cp -R <dir> <"new dir">

    You can copy a specific folder to another folder having spaces in its name.

    cp -i <file><dir>

    This command provides the warning overwrite message before you copy a file.

    cp <file1> <file2> <file3>/Users/<dir>

    Use this command to copy multiple files to a folder at once.

    rm <file>

    This command permanently deletes the file from your system.

    rm -i <file>

    This command deletes the file only after your confirmation.

    rm -f <file>

    It forces the file to be removed from the system without any confirmation.

    rm <file1> <file2> <file3>

    This command deletes multiple files without your confirmation.

    mv <file> <newfilename>

    It moves the file to another file or renames the file.

    mv <file> <dir>

    It moves the file to a directory or folder and overwrites the existing files.

    mv -i <file> <dir>

    This command warns you before overwriting the files present in a directory.

    mv *.png ~/<dir>

    It moves all the png files present in the current folder to another folder.

    ditto -V [folder path][new folder]

    This command copies the content from one folder to a new folder. ‘-V’ prints the status of each file copied to a new folder.

    Process Management

    With process management commands, you can retrieve the total number of processes currently running on your system, determine their resource usage, and kill them. This set of commands eliminates the need for the Activity Monitor GUI application.

    ps -ax

    It outputs all the running processes, along with their detailed information, including PID (Process ID), the process name, location, and the elapsed time running.

    ps -aux

    This command outputs all the processes with %cpu, %mem, page in, PID, and command.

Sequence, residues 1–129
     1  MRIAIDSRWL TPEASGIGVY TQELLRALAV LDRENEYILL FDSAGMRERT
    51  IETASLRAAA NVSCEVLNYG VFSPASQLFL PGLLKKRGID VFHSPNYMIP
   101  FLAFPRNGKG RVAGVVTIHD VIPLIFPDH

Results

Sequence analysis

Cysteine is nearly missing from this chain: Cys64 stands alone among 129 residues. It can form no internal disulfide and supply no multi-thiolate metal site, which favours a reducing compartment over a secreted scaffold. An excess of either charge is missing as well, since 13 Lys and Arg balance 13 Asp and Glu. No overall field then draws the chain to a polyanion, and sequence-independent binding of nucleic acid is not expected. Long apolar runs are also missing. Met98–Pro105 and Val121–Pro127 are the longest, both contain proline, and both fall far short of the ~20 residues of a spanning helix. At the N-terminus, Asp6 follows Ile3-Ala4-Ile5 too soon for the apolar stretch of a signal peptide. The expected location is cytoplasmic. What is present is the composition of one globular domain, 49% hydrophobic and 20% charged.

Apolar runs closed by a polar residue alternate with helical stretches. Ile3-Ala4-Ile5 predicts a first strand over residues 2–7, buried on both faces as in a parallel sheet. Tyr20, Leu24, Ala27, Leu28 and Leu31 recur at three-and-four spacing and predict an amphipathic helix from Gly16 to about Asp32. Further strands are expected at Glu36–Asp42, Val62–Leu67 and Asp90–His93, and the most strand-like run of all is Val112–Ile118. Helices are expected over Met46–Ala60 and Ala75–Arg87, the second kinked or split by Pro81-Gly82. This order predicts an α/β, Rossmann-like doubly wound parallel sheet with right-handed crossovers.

Use this command to get the live information of the currently running processes.

    top -ocpu -s 5

    This command outputs the processes sorted according to the CPU usage, and the list updates every 5 seconds.

    top -o rsize

    It displays the list of processes sorted according to their memory usage.

    kill PID

    Use this command to kill the process by specifying its ID.

    ps -ax | grep <appname>

    Use this command to find the process using its PID or name.

    Network Management

    Managing and configuring the network is one of the primary tasks achieved through the Terminal. The Terminal provides the most convenient and easiest way to configure the network and collect all information related to the network. So, let us now move on to discussing the set of network management commands.


    This command checks the IP address of your system, while it has many other purposes.

    ping <host>

    You can determine whether you can make a connection to a host or not. Here, the host can be your device’s IP address connected to a web domain or a network.


    This command displays all your incoming and outgoing network connections.

    whois <domain>

    You will get the whois information of the domain, which generally includes basic contact details, Name Servers, etc.

    curl -O <url/to/file>

    You can download the file from the internet over the HTTP, HTTPS, or FTP protocols without the browser curl.

    arp -a

    This command displays a list of all devices connected to your local network. It provides you with the IP and MAC addresses of those devices.

    ssh <username>@<host>

    If you wish to establish an SSH connection to <host> with user <username>, this command comes in handy.

    traceroute [hostname]

    This command determines the path and hops the packets traverse from your device to the destination address. It serves as a troubleshooting tool because it lets you identify the exact location where the packets do not traverse.